Managing Stress at Work


Prof. Jayanta Banerjee
BSc, PGDBM (Marketing/HR), MPhil
Sr. Faculty
Magnus School of Business


Topic Name: Managing Stress at Work

Managing an over worked and stressed human resource have become a challenging and ever difficult task for today's managers. With a view to utilize the available human resource  thus minimizing costs and maximizing profits, today both managers and their subordinates have to coop with work related stress. This stress if it goes to certain extent without being controlled can affect the person's family/social life, health, performance etc and changes the employee's whole attitude towards work- frustrating, demotivating and frightening him/her which in the long run damages the organization and the employee both.

This paper will briefly examine the various stress-management interventions adopted by three reputed companies to improve efficiency in the work place

Key Words: Stringers, Biofeedback, stressors, Food exchange.

Life is tough and getting tougher by the day! The stress of daily living, especially as the pressure to excel mounts, impacts everyone, not just on the work front but in every single area of an individual's life In today's world of doing more with less, employees find themselves with more work, fewer resources, and less time. With a tight deadlines and a competitive work environment only the best performers are guaranteed continued employment.

All of these factors add up to a very stressful work environment. Ultimately employees take work home and worry about missing deadlines or performing inadequately and end up working longer hours.

Stress can be caused by many things in life, pressures from work, the family, social commitments and other everyday events. The word stress is derived from the Latin term 'Stringers' which means "to draw tight". Some define stress as the non-specific response of the body to any demands made on it. Stress is our physical, mental, and emotional response to the various demands, changes, and events in our life. It is an internal phenomenon and a mental attitude.

In some cases, stress motivates and encourages us to complete a task we find difficult so that we can take pride in ourselves and what we achieve.

Hans Selye was one of the founding fathers of stress research. His view in 1956, which holds true today also, was that stress is not necessarily something bad – it all depends on how one takes it. In an ideal world, there should be just enough stress to keep employees working to their full potential, but not enough to cause overwhelm or excessive anxiety. Too much or too little stress is where we run into problems.

Stress symptoms begin to manifest themselves when an individual perceive or feel that life demands are exceeding their ability to deal with them. When stress begins to take its toll, they may experience both physical and psychological effects.

Causes or Sources of Stress

The sources of stress may be classified into two broad categories as follows:

1. Individual Stressors: Personality, motivation, ability, experience, status, life stages, beliefs and values.

2. Organizational Stressors or Environment: There are several potential stressors in the organization. These are summarized as bellow

Organizational Stressors

1. Roles in the Organization

a) Role conflict
b) Role ambiguity
c) Minimum management support
d) Holding mid-management position

2. Responsibility

a) With superiors/subordinates/ colleagues
b) Inability to delegate

3. Job Qualities

a) Time pressures
b) Work over/under load
c) Level of accountability

4. Organizational Structure

a) Lack of participation
b) No sense of belongining
c) Poor communication
d) Restriction on behavior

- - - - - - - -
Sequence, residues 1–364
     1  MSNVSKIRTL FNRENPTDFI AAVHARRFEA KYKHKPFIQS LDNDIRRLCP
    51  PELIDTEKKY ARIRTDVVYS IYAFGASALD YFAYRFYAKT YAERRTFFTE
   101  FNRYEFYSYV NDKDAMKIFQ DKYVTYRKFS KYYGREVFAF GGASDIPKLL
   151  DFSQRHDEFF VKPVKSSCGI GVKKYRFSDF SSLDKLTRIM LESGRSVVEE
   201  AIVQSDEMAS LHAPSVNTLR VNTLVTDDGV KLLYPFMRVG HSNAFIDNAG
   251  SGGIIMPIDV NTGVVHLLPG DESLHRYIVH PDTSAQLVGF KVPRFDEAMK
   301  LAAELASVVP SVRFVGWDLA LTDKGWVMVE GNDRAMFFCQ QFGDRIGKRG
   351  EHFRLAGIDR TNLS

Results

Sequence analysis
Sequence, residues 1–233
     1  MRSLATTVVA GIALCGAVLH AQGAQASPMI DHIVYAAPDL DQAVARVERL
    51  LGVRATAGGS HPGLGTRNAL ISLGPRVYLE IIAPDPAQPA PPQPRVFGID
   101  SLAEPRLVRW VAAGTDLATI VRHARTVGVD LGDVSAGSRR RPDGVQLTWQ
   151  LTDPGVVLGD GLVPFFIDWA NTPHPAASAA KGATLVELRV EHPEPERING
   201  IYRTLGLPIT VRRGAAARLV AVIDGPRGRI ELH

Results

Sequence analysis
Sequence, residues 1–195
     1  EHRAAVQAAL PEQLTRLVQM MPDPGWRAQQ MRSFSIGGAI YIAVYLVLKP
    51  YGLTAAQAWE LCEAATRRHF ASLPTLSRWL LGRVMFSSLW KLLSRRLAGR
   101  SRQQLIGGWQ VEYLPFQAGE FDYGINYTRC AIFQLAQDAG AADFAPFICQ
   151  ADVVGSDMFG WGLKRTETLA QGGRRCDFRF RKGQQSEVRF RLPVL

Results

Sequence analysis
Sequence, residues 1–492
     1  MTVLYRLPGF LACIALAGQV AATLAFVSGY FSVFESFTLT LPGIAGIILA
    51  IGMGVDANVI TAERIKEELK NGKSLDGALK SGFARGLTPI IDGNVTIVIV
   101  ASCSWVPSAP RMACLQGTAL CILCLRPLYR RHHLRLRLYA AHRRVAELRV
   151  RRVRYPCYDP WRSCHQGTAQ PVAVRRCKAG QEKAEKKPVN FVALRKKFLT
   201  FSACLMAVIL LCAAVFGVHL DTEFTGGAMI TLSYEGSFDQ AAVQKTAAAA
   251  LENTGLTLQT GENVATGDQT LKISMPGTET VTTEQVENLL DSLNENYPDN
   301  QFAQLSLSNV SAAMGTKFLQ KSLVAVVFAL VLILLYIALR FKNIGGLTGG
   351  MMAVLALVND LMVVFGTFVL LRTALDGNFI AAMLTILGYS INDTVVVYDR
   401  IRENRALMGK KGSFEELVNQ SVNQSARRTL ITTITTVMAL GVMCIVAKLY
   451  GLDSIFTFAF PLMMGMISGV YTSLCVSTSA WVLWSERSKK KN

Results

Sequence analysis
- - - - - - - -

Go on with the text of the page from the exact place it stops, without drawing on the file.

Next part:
f)  Lack of opportunity/performance evaluation/pay

5. Physical Environment

a) Working conditions like noise, lighting, aesthetic appeal of rooms etc.

6. Change

a) Individual life stages
b) Organizational- transfer, promotion, job expansion etc.

7. Career Development

a) Status conflicts
b) Obsolescence of skill
c) Mid-career stage

Consequences of Stress

1. On the Individual:

a. Physical Aliments e.g. headache, insomnia and heart problems
b. Mental e.g. anxiety, lack of clear thinking, loneliness
c. Behavioral e.g. excessive smoking, drinking, withdrawal from relationships

2. On the Organization:

Low productivity, poor quality, absenteeism, low job satisfaction, accident proneness and poor interpersonal communication.

Indian Methods of managing Stress

Indian philosophy consisting of Upanishadas, Vedanta, etc, is very helpful in winning stress. Dr. Satish Chandra Pandey (8m Journal, JIMS April-June 1997) has given some valid points on managing stress, some of which are as follows-

1. Develop training programs for executives and other staff members for their total personality development based on Indian values, so that they can develop their own strategies for coping with their organizational environment/stressors.

2. Each organization must develop its own management philosophy based on Indian values and educate its employees about that philosophy to motivate them for achieving excellence in different areas.

3. Organizations must know that reducing organizational stress is as important as motivating employees. Both the process is complementary to each other: they are not replacements.

Stress Management Techniques

There are numerous techniques that experts recommend for relieving the symptoms of stress.

1. Talk about your worries – to colleagues, spouses or friends

2. Exercise – take up physical activities such as jogging, walking, and cycling which can relieve the feelings of stress. Chemicals released in the brain during exercise produce a 'feel good' mood.

3. Learn biofeedback – this is a relaxation method in which a person learn to consciously control your breathing rate and heart rate so that stressful situations do not elicit a major physiological reaction.

4. Take up a new hobby –like gardening or join a group so that you can socially interact with people who have the same passions.

5. Join a Yoga class – yoga is one of the oldest forms of relaxation known to man.

6. Learn the difference between work and home- By separating the two main areas of your life you can leave the stress of work behind when you finish for the day.